Noc­turne, from First Venice Set (“Venice: Twelve Etch­ings,” 1880), James McNeill Whistler, Har­ris Bris­bane Dick Fund, 1917.

The year 1492 is com­mon­ly asso­ci­at­ed with Christo­pher Colum­bus’ voy­age to what has become known as the Amer­i­c­as. But in the his­to­ry of Euro­pean Jew­ry, this is the year which marks the Jews’ expul­sion from Spain. In the records of Flo­rence it marks the death of the great art patron Loren­zo the Mag­nif­i­cent’ de’ Medici, while in Catholic his­to­ry 1492 is the year that Rodri­go Bor­gia ascend­ed to the papal throne. In short, it is a year that we now look back on as the begin­ning of upheaval in Europe and beyond. This con­junc­tion of events is the start­ing point for my new book, The Beau­ty and the Ter­ror. From the start of plan­ning I was keen to include the sto­ry of Italy’s Jews, whether they came as refugees or had been long-stand­ing residents.

The Renais­sance is very often told as a pos­i­tive sto­ry in the his­to­ry of Euro­pean Chris­ten­dom. To this day, tour groups cir­cu­late through Ital­ian gal­leries and church­es to appre­ci­ate the won­drous art of Leonar­do da Vin­ci, Michelan­ge­lo, and Raphael. Yet the cul­tur­al elite who com­mis­sioned these works exist­ed in a broad­er con­text, one char­ac­terised by war­fare, per­se­cu­tion, and cam­paigns for church reform. Jew­ish his­to­ry is entan­gled in this world, not least because this is the soci­ety that in 1516 cre­at­ed the Venet­ian ghetto.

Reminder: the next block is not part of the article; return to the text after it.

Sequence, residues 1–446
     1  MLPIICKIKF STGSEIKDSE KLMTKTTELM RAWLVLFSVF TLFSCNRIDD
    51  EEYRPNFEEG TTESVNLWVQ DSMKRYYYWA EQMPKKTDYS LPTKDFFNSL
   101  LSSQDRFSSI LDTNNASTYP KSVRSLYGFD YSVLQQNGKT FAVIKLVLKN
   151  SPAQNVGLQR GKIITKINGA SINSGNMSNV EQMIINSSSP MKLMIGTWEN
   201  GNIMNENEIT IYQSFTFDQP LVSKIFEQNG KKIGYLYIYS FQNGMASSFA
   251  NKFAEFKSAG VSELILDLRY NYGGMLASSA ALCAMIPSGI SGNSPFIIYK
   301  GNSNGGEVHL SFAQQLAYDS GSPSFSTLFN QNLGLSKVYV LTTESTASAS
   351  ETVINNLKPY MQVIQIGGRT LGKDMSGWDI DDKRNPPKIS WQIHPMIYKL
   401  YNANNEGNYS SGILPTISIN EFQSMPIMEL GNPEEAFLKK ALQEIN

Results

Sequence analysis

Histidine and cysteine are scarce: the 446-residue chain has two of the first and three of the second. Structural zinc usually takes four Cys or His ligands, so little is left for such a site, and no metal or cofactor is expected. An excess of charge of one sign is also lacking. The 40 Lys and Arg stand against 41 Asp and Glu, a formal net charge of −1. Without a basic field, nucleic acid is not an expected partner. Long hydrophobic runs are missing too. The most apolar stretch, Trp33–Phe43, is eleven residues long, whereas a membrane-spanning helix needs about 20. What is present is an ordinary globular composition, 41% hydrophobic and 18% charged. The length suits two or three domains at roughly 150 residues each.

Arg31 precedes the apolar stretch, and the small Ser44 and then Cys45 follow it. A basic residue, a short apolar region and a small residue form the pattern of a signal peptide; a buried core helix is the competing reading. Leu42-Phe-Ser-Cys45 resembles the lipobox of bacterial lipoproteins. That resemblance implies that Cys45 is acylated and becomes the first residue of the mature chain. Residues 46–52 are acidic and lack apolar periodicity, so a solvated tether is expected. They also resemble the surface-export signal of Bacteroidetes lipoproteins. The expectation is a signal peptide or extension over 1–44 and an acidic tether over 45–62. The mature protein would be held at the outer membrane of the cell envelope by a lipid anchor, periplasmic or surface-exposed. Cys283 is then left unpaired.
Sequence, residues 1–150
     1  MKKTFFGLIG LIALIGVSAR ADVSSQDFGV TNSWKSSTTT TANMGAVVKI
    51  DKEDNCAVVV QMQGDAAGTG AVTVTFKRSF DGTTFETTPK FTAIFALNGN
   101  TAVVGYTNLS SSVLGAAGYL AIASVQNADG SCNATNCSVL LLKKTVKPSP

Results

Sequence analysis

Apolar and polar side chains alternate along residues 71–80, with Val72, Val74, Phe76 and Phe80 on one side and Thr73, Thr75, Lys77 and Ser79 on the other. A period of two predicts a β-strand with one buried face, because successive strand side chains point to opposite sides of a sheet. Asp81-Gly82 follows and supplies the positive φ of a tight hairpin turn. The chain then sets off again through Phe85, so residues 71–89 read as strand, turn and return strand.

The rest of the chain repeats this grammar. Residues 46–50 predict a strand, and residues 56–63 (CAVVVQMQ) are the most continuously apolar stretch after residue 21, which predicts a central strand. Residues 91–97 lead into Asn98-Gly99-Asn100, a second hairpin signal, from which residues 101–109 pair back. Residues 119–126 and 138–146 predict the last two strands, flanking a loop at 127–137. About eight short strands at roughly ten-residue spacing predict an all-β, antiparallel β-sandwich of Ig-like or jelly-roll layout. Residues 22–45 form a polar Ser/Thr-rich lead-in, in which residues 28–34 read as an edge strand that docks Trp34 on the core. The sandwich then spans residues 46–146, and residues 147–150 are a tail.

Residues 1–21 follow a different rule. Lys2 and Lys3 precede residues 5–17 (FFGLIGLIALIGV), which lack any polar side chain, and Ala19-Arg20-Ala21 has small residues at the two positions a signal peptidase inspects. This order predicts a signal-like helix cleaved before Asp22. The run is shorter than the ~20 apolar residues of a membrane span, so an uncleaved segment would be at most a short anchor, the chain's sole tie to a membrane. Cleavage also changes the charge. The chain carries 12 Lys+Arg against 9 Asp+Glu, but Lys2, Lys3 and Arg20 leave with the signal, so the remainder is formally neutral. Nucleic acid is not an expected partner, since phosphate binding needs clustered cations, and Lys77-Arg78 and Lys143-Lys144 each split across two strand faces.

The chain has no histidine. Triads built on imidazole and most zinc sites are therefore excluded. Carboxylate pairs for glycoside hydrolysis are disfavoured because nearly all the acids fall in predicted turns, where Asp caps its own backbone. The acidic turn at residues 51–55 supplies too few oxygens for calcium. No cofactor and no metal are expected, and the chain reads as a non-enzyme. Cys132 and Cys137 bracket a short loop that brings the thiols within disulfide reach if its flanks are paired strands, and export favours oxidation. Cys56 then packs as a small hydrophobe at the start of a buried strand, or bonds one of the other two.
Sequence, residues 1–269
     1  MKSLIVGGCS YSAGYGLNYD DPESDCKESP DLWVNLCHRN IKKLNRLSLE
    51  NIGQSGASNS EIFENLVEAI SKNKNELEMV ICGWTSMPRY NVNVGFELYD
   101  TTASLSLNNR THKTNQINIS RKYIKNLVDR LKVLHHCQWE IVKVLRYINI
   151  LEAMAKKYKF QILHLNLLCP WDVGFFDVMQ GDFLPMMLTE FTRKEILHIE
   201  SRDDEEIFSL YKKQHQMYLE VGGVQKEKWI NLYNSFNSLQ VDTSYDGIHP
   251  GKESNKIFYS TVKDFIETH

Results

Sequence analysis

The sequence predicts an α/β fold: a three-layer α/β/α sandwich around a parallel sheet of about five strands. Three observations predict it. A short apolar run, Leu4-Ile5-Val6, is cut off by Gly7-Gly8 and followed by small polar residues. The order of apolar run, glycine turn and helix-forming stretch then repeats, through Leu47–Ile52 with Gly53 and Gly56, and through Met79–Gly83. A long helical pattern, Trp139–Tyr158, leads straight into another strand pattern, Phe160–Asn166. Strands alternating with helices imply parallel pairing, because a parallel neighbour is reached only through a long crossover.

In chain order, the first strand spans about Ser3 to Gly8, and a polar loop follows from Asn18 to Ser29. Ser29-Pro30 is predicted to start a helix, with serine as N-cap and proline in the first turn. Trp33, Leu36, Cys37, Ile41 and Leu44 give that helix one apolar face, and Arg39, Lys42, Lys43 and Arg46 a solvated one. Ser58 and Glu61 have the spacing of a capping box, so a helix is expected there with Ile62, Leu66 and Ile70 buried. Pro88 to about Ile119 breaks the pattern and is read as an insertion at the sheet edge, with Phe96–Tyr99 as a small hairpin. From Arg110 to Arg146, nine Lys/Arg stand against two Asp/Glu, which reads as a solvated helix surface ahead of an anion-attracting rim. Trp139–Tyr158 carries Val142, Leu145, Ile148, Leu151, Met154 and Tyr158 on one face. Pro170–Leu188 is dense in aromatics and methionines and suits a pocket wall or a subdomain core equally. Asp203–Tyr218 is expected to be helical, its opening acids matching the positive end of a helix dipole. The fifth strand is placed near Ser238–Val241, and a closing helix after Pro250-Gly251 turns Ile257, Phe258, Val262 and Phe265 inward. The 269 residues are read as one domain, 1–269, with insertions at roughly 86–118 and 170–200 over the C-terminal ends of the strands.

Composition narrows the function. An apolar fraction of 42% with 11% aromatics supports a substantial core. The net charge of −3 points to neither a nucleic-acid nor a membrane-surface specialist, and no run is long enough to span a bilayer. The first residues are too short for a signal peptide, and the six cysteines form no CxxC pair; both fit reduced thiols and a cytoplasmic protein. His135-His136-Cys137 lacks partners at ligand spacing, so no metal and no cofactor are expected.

Alexan­der VI — the new­ly-elect­ed Bor­gia pope — allowed Jew­ish refugees to come from Spain to Italy. Born in the Span­ish king­dom of Aragon, Alexan­der was labelled a mar­ra­no—a pejo­ra­tive term for a con­vert­ed Jew — and his son Cesare was called a Jew­ish dog.” These tales of the Bor­gias were pre­cur­sors to the lat­er Black Leg­end” of Spain, pro­mot­ed by Protes­tant pro­pa­gan­dists who used Spain’s long his­to­ry of coex­is­tence between Jews, Mus­lims, and Chris­tians to imply that the nation was back­ward, super­sti­tious and cru­el, and might nev­er be ful­ly Christian.

The atti­tude of the Chris­t­ian major­i­ty in the Ital­ian states — Italy was not uni­fied until the nine­teenth cen­tu­ry — was one of reluc­tant accep­tance of Jews, amid peri­od­ic per­se­cu­tions and expul­sions. The Venet­ian ghet­to offers an exam­ple of how those atti­tudes played out. The back­ground to the ghet­to’s cre­ation was Venice’s defeat by the French at the bloody bat­tle of Agnadel­lo in 1509. In its after­math numer­ous refugees fled Venice’s main­land ter­ri­to­ries for the safe­ty of the island arch­i­pel­ago, and the law bar­ring Jews from long-term res­i­dence in Venice was lift­ed. Wartime was con­ducive to excep­tions to the rules.

Once the con­flict eased, how­ev­er, Chris­t­ian preach­ers began to call for new restric­tions, or even out­right expul­sion. The ghet­to was a com­pro­mise, defend­ed on the basis that Jew­ish money­lend­ing was essen­tial to Venice’s econ­o­my. Although the large banks of Italy were Chris­t­ian-run (the inter­dict that Chris­tians could not loan mon­ey was aban­doned in the inter­ests of prof­it), small­er loans were typ­i­cal­ly pro­vid­ed by Jew­ish lenders, on whom farm­ers and small busi­ness­es depend­ed. As the six­teenth cen­tu­ry went on, how­ev­er, Catholic reform­ers pro­mot­ed city-run pawn­bro­kers, known as the mon­ti di pietà” or mounts of piety”, as a Chris­t­ian alter­na­tive. One such bank, the Monte dei Paschi di Siena, is still in oper­a­tion today.